Read more: Climate & Energy

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Beyond Petroleum

My friend Dean was mostly drunk rowing his raft down the Grand Canyon. He was also naked most of the time, except for a piece of climbing webbing around his waist, ostensibly to help him if the raft flipped. As he headed into the huge rapids of the Inner Gorge, Dean used to cackle and yell out: “I think I can make it!”   He was, of course, quoting Joseph Hazelwood, the captain of the Exxon Valdez.  I wonder if BP’s approach to this spill is going be a hybrid of Hazelwood’s and Dean’s: hoping for the best, but knowing …

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Waterkeepers question use of dispersant chemicals at oil-spewing wellhead

The chief executive of BP says crews have been able to reduce the amount of oil reaching the Gulf's surface from a massive underwater leak by using chemicals at the gusher's source -- but environmental advocates are raising questions about the plan's safety. "We are adamantly opposed to dispersants being used at the well-head as we believe it adds more toxins and less value to the clean up process," says Mobile Baykeeper Casi Callaway. "Certain dispersants may be useful at the shore/grassbed line, but we can't endorse this action until we know what specific dispersants are to be used!" Speaking …

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Keep on truckin'

What are conservatives saying about the Gulf oil disaster?

The ongoing oil eruption off the Gulf Coast is shaping up to be one of the worst environmental disasters in American history. It's now clear that BP had no credible plan in place to deal with a spill of this magnitude at this depth. They thought it couldn't happen and now they don't know how to fix it. Up to 25,000 barrels a day are pouring into Gulf waters and could do so for months if not capped. Satellite images show that the slick has tripled in size over the past two days. If it can't be controlled, the oil …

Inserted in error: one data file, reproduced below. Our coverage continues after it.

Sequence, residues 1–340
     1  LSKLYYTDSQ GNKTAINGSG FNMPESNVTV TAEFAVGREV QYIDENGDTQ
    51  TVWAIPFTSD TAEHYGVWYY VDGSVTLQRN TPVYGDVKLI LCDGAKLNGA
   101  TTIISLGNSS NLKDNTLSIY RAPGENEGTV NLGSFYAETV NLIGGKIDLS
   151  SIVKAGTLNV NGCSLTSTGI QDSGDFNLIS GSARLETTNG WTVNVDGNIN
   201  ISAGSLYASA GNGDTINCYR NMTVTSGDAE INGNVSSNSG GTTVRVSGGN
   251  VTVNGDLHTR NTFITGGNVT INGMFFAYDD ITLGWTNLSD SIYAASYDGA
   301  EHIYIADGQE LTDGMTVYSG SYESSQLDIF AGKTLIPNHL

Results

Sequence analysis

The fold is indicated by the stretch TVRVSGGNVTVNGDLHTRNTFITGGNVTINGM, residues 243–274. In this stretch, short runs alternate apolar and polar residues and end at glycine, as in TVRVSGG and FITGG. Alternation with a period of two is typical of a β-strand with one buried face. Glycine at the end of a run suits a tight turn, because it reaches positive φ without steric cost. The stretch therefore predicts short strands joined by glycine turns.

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What a Difference a Spill Makes

There are so many questions the spill in the Gulf now raises. What will be the impact on offshore drilling -- which has been one of the few growth sectors of US domestic oil production? What kind of political backlash will it produce? Already President Obama and the administration are in damage control mode. How can we reasonably assess and digest the risk that this kind of energy production brings with it? After all, there is risk in the mines as we've painfully seen. There is risk in the air when we fly. There is risk crossing the street. It's …

Read more: Climate & Energy

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don't waste this crisis

Wake up, Obama. The Gulf spill is our big chance

President Barack Obama so far has said nothing about the screamingly obvious connection between the spoils of fossil-fuel dependency and the vision of a clean-energy economy that he's been sporadically promoting. Instead he had this tepid statement on the Gulf oil spill Friday morning: "I continue to believe that domestic oil production is an important part of our overall strategy for energy security." What happened to never letting a crisis go to waste? This mother of a crisis runs straight into our fossil-fuel addiction. It's a prime opportunity for progressives and clean-energy advocates to demonstrate the desperate need for new …